“The garden looks like it’s been here forever.” But it’s inside a huge warehouse-type building. And the garden is “planted” on a concrete floor, so that’s impossible.
How does the setup for a garden show garden work? And, how long does it take?
The garden begins long before the setup in the show hall begins. The design was developed months before, and construction of the larger structures began a month earlier. This story will show the progress from an empty concrete floor to a finished garden. And it’s not entirely accurate to call it a garden. It’s more a landscape, with patios, a fireplace, a stone arch, and water feature.
The “hardscape” elements add structure to the landscape, and in our display the path allows people to stroll through the garden rather than around it.
This display garden was created by Meadows Farms Landscape department for the Capital Home and Garden Show in Chantilly, Virginia in late February. Setup begins Monday afternoon with the show opening Thursday evening.
On the first day the garden building, fireplace, and stone arch will be set in place. The fireplace has been constructed of stone and weighs almost two tons. The building has been pre-constructed, then taken apart so it can be moved. The stone arch has been built in three separate pieces, each weighing about a ton. With stone walls and stone paving for patios and paths there are more than twenty five tons of stone in the garden.
The floor of the our garden building will be more than a foot above the concrete floor of the Expo Center, so we will be building a base from concrete blocks and plywood to build our walkways and patios on. It’s important that the base be very stable since many thousands of people will walk through in the next week.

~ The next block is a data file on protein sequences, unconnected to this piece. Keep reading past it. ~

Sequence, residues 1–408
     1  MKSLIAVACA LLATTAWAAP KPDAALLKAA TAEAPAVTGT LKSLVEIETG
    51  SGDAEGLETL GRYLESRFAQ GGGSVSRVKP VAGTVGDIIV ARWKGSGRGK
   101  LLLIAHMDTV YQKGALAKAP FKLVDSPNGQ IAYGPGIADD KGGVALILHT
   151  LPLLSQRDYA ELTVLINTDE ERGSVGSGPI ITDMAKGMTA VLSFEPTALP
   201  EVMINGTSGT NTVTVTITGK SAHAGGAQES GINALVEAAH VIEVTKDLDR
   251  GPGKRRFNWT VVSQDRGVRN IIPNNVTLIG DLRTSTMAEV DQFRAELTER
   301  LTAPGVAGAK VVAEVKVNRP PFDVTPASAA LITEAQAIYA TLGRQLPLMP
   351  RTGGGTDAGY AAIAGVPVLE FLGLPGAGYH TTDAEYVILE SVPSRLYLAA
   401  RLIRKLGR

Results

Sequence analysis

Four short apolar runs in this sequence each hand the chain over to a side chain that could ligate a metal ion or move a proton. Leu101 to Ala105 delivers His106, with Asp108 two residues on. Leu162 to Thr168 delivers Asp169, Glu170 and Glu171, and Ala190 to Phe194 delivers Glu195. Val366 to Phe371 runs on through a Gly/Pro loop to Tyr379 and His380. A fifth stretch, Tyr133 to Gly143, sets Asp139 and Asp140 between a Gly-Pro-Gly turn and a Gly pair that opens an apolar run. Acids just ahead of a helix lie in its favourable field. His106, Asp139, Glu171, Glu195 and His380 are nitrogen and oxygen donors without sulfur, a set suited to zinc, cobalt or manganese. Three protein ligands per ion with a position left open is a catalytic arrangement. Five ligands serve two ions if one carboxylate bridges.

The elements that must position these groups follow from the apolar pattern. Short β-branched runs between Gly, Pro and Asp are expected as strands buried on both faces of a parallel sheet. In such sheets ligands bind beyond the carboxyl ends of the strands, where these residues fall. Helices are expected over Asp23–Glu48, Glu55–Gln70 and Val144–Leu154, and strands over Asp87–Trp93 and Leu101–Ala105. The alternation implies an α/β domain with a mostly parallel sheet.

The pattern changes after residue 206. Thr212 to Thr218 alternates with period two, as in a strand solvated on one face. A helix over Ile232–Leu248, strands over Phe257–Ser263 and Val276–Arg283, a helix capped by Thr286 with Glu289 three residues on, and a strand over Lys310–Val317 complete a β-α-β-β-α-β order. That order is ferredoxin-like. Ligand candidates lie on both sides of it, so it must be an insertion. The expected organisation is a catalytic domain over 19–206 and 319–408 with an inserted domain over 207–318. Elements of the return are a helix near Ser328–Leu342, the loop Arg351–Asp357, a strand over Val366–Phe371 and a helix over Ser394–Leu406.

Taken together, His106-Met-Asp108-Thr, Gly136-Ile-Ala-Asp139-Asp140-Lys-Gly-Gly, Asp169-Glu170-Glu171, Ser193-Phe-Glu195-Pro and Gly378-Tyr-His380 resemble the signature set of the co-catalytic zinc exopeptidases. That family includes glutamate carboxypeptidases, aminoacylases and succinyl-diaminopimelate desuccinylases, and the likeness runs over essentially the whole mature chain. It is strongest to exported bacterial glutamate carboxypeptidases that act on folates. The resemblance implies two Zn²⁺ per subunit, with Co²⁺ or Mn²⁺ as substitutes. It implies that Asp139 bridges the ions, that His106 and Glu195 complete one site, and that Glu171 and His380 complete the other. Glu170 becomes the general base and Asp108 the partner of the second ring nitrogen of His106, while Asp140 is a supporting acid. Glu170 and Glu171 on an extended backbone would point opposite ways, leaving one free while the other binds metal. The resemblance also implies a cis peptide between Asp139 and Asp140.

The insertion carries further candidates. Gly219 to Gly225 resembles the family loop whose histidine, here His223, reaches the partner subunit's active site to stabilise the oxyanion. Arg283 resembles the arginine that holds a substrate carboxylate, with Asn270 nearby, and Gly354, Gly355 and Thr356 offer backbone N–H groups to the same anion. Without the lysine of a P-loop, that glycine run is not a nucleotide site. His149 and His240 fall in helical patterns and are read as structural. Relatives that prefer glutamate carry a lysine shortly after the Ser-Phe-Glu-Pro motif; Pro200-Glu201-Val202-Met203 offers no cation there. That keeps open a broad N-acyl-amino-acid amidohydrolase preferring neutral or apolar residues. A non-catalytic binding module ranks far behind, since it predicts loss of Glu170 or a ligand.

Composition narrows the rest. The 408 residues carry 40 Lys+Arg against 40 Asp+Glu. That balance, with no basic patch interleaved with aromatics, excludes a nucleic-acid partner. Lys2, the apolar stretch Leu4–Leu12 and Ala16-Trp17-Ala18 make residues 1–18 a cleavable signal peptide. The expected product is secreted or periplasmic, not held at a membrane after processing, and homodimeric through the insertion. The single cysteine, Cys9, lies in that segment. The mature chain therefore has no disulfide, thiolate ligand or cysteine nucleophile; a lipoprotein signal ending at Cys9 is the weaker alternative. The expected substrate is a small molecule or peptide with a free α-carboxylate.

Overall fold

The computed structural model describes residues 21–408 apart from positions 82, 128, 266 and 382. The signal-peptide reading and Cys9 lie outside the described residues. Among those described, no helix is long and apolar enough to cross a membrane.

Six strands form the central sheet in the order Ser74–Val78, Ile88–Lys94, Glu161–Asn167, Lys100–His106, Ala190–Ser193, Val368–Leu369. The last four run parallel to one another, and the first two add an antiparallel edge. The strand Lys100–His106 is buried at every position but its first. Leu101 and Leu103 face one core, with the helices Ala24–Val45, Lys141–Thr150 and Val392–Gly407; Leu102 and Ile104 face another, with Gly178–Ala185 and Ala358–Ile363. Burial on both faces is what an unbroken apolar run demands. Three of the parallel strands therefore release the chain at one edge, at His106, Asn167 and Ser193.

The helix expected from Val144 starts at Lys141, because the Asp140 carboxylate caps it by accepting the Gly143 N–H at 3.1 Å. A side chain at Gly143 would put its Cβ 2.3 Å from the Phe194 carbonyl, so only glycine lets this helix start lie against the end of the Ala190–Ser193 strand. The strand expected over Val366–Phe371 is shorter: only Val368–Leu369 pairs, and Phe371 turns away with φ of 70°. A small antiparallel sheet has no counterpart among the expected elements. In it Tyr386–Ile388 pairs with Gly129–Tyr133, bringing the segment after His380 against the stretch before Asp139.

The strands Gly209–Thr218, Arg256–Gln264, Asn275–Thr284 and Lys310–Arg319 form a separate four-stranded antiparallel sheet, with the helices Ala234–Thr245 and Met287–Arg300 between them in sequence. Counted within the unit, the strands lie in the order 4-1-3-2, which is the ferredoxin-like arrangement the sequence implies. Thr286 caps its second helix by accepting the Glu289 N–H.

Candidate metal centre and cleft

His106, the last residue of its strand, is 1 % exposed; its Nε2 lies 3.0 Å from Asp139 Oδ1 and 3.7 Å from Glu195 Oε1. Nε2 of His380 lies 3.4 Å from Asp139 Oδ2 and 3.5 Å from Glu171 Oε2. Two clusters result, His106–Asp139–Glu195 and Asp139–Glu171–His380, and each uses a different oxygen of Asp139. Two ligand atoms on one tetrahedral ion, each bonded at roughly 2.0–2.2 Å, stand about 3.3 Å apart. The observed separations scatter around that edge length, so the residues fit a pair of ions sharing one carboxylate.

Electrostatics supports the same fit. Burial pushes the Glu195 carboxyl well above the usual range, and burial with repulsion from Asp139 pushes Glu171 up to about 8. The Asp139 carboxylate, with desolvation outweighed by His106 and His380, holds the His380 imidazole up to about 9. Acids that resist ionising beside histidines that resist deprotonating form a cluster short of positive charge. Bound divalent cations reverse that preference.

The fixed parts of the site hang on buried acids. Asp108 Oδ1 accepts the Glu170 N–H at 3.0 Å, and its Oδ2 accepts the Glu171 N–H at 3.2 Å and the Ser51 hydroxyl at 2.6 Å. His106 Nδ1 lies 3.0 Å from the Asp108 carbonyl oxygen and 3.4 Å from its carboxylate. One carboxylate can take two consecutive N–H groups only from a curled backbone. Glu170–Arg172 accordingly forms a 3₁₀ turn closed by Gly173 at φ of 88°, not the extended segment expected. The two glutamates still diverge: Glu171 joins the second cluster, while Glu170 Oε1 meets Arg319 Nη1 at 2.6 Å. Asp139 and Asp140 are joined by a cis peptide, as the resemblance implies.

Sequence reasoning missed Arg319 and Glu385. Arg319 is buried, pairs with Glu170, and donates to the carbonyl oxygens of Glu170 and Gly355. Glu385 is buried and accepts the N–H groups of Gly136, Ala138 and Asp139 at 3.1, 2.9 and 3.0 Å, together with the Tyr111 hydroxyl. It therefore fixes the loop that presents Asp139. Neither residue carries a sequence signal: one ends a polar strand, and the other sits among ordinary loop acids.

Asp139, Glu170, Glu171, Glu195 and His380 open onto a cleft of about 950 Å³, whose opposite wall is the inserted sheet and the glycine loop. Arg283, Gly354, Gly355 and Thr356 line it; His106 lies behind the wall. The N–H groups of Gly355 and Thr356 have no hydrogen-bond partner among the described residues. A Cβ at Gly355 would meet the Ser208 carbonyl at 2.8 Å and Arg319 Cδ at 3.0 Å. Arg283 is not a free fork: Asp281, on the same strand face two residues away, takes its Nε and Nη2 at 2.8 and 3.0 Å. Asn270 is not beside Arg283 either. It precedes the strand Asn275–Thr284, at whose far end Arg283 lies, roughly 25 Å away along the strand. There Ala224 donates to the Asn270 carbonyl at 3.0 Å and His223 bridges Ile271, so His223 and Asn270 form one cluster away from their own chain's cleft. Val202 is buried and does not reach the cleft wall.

The larger photos are the finished garden. There are more than a thousand flowering bulbs (dwarf daffodils and hyacinths) and azaleas in the garden. We have three Red Sunset maples (which are not in leaf, unfortunately because they are too tall to force in our greenhouses) and three blooming Snow Fountain weeping cherries, a large weeping Blue Atlas Cedar, seven foot tall Cryptomeria Gyrokuryu, and eight foot tall Mary Nell hollies.
The water feature above has three basalt crystal boulders, weighing more than a half ton each.
Work began at 1pm on Monday and was completed at 2:30pm Wednesday, with a little touchup done on Thursday. Tuesday and Wednesday we had 15-20 people working to construct the display garden. The show opens Thursday evening, and we hope that lots of people stop by to see us.
We built a garden building for the garden show with a two sided fireplace. The fireplace is faced with a veneer of North Carolina Chocolate Gray stone with an inset of multicolor slate.
If you’re in the area and see this post before you come out to the show, stop by and say hello. I’ll be there almost the whole time from Thursday evening through Sunday at closing. If you’re interested in the show you can visit their website through this link to the Capital Home Show.
The arch is more than 10 feet tall, and constructed with Chocolate Gray stone. The red maple just beyond the arch has just the thing to make every garden complete, a flock of blackbirds reminiscient of “The Birds”.
Despite all the effort the garden must be torn out Monday morning. Most of the plants and materials can be reused, and some of the hardscape elements will be recycled for other garden shows later this Spring. It takes almost three days to build the display, but four hours to tear it down and haul it off.